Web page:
Sunday, 15 September 2013

Revised Figures for Construction Industry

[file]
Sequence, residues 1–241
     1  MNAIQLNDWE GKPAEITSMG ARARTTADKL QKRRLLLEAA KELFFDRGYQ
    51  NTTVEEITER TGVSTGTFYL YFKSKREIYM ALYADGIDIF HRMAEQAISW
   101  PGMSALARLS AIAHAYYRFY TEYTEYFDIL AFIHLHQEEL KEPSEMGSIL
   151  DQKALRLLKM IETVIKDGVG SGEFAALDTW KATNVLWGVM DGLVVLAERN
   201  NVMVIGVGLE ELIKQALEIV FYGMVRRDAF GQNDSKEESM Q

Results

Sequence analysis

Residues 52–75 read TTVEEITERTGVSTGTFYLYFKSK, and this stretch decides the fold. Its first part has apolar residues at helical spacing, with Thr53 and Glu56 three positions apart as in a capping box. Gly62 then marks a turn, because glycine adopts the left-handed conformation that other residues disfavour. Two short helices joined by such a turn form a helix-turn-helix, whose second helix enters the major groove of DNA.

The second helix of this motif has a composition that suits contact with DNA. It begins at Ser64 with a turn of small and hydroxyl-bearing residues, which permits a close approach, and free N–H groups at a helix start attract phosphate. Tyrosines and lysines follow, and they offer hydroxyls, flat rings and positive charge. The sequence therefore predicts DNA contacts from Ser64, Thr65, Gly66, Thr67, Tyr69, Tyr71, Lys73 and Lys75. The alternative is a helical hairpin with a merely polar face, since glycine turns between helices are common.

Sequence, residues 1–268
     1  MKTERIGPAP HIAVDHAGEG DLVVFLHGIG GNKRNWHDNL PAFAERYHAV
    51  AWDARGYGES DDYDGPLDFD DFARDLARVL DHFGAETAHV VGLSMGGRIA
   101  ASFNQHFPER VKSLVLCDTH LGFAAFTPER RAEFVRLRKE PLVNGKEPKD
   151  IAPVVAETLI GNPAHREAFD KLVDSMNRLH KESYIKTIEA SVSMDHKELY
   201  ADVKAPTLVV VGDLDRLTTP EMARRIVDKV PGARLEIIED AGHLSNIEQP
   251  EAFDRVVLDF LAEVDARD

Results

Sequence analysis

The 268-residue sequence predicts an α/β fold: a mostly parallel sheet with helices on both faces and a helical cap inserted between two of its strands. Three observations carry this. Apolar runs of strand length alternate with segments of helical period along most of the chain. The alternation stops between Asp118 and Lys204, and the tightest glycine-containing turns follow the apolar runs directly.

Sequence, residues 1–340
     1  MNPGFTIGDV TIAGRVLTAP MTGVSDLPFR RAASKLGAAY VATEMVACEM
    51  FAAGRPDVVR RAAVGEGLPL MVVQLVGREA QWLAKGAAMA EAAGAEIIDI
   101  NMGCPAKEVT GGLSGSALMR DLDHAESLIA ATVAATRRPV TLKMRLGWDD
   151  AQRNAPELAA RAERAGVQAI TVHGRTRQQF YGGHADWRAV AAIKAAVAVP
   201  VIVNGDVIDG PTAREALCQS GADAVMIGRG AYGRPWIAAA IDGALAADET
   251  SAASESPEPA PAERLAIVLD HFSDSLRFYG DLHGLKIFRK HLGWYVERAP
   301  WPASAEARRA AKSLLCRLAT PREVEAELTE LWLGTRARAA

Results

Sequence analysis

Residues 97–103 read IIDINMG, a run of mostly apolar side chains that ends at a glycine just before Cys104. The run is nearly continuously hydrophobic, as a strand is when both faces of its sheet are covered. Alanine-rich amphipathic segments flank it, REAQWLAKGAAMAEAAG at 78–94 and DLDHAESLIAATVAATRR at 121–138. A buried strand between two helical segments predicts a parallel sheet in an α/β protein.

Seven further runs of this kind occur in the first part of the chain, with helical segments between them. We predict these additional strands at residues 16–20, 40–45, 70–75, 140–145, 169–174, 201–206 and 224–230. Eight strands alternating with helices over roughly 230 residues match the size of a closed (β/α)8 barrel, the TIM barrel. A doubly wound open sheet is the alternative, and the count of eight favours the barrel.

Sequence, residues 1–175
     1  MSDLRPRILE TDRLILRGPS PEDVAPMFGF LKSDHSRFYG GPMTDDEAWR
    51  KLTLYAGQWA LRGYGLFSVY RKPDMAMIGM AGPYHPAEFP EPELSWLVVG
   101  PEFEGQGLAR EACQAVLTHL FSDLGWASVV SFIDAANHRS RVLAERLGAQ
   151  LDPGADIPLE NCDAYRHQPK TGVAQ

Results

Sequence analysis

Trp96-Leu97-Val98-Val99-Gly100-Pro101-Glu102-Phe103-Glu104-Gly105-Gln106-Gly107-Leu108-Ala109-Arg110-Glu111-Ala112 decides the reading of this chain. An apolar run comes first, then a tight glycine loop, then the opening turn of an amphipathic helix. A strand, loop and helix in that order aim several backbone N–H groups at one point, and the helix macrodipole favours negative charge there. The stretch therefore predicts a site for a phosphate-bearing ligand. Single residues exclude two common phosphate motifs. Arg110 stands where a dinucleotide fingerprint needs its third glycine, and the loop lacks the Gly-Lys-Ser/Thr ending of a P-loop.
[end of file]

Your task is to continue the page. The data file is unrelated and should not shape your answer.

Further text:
The revised figures recently released by the Office for National Statistics show that construction industry output rose by 1.4% between quarters one and two in 2013. Although this still represents a 0.5% fall compared with the second quarter of 2012, this is significantly less than the 1% in the previous estimate. The upward revision of construction output from 0.9% growth to 1.4% growth confirms that the renewed sense of industry confidence, boosted by measures taken by the government in the form of Help to Buy and sustained investment in infrastructure are being converted in measurable growth. The figures also reconfirm that the economy is returning to growth, with a rise in GDP of 1.5% in the second quarter of 2013 compared with the same period in 2012. The upward revision of 0.1% for the economy as a whole was driven by balanced growth across the economy, underpinned by a rise in business investment of 0.9% in addition to rises in domestic consumption. Julia Evans, chief executive of the National Federation of Builders, said: “The revised GDP figures show that the foundations for long-term growth are being put in place, showing the construction industry is moving in the right direction and playing its part in driving economic recovery. However, more needs to be done to make sure that this growth continues into 2014 and beyond. Through the industrial strategy for construction, continued collaboration between government and industry will ensure that the industry continues on the path to sustainable growth for the future”. Julia continued: “in addition to the welcome upward revision to construction output statistics, the figures show that growth across the economy is balanced with business investment rising by £270 million from £29.19 billion to £29.46 billion between quarters one and two in 2013. The proof that businesses are investing across the economy is a further sign that private sector confidence is being converted into financial investment and economic growth”. For further information contact the NFB press office on 01293 586664 or email